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While the answer is otherwise good, I don't understand what you mean by "biology is not physics and there are no rules". As far as I know, rules are violated rather often (relativity vs Newtonian mechanics for example) in physics as well. – March Ho Feb 22 at 15:05
    
Rules (indeed Laws) in physics tend to involve equations based on a conceptual framework. Deviations of observations from equations (one can stick to Newtonian mechanics and look at deviations from Boyle's Law, I seem to remember) lead to modified equations based on additional assumptions rather than fudge factors. I don't see any equations or theory in biology, except at the very basic chemical level. It seems to me more that Nature finds one solution to a problem, we observe it, but it isn't a rule as somewhere else she solves the problem with a black swan. – David Feb 22 at 17:25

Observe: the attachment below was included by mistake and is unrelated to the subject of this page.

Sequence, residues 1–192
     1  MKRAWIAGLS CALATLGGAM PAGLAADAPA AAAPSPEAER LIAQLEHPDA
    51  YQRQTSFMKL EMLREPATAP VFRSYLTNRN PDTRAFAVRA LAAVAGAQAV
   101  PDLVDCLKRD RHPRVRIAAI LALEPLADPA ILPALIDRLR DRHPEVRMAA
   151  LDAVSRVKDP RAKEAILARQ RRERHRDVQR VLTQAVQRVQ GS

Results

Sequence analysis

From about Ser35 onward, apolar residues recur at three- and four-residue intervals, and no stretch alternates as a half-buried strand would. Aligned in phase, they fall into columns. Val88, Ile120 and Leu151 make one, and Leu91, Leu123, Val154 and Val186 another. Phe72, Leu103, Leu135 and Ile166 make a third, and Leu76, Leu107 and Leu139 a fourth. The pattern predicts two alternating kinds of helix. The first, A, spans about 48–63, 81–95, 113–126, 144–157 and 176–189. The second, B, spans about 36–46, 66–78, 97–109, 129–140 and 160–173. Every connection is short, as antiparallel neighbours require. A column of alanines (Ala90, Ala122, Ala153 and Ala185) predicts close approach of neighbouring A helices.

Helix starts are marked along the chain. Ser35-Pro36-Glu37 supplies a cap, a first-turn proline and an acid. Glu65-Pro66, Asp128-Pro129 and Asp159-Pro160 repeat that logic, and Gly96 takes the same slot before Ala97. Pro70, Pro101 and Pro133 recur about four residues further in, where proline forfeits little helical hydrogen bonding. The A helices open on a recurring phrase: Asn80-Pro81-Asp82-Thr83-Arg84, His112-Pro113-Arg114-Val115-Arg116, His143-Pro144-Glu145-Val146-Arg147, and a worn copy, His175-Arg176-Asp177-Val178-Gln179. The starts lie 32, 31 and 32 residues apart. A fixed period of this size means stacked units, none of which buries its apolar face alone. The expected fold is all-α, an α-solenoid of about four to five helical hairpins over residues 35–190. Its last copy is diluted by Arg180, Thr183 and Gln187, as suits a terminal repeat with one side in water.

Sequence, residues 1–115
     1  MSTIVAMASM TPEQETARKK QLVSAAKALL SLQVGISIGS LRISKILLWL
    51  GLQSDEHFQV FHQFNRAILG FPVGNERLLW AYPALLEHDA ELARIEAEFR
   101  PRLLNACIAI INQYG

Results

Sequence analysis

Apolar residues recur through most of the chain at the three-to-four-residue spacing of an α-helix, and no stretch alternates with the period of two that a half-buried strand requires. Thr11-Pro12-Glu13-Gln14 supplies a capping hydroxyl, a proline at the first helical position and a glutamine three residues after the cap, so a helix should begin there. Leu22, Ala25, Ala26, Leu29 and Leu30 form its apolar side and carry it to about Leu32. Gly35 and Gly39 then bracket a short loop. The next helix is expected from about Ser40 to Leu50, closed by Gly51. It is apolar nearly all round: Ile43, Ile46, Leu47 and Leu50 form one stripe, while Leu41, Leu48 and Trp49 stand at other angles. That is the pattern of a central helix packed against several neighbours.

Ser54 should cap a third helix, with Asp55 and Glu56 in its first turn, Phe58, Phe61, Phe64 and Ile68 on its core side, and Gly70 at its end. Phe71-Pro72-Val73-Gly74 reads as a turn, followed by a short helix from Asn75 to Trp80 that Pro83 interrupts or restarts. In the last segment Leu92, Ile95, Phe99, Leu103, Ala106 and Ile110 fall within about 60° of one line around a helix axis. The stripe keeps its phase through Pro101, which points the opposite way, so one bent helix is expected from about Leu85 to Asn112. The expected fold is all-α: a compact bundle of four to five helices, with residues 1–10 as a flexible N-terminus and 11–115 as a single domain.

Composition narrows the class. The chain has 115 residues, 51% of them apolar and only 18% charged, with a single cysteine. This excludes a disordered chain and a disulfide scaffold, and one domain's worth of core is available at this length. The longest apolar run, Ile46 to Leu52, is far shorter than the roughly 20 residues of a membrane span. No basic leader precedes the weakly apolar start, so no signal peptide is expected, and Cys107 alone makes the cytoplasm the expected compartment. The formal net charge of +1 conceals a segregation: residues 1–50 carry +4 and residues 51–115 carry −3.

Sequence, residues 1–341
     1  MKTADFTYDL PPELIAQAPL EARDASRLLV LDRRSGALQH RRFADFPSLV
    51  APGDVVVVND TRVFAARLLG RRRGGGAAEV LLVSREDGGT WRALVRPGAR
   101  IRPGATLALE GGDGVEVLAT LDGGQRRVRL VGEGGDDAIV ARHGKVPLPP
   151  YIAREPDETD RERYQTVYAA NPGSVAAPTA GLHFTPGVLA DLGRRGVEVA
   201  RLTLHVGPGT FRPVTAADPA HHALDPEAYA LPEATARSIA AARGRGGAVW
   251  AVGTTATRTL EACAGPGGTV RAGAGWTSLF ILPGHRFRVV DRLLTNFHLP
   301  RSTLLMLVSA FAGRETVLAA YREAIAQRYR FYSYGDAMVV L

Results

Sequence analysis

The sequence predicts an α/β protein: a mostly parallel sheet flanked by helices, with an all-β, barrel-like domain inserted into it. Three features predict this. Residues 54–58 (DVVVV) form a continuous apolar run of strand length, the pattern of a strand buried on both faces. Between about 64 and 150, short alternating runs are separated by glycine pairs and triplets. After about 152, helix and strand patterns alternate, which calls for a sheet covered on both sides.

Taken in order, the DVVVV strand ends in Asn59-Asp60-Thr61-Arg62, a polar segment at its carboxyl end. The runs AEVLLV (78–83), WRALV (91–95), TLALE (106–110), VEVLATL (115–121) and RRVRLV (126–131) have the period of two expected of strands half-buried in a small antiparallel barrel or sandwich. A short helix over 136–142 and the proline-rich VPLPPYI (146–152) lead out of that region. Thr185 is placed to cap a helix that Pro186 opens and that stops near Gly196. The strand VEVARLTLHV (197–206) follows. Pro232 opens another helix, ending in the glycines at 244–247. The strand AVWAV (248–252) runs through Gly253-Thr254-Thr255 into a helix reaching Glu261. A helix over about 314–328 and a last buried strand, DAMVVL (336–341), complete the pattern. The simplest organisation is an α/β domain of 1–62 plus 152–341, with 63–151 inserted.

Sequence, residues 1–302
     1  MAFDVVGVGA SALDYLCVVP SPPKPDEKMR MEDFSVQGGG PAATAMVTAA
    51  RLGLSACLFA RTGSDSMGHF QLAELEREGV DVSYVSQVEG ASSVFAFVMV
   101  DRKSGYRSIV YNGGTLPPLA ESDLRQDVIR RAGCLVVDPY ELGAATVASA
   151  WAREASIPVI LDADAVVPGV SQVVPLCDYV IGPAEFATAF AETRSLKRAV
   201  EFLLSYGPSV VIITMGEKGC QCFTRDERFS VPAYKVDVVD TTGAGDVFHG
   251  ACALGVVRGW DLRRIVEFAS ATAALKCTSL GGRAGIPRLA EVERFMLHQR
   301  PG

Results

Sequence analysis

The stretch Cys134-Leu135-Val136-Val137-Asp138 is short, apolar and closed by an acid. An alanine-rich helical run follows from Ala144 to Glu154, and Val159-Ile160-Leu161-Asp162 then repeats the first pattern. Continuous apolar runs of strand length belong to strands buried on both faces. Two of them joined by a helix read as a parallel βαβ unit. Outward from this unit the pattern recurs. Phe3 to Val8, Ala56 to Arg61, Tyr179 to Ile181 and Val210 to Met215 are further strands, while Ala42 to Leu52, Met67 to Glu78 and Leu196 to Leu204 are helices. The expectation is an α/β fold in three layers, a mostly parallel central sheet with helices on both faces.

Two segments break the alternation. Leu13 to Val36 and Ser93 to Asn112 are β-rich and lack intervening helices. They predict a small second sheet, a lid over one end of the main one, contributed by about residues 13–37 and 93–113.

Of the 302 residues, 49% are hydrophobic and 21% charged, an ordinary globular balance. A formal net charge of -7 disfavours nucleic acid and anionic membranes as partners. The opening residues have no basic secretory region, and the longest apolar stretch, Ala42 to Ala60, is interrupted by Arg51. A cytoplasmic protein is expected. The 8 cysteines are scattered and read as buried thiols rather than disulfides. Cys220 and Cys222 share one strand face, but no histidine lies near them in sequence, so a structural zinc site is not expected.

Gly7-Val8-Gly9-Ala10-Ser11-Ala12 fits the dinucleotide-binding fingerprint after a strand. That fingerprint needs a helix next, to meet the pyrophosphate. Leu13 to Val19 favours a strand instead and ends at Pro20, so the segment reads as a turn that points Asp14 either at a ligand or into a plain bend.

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Did you just say I don't see any equations or theory in biology?? You should read some primary literature then. I am a theoretician working in the field of population genetics (subfield of evolutionary biology) btw. – Remi.b Feb 22 at 17:59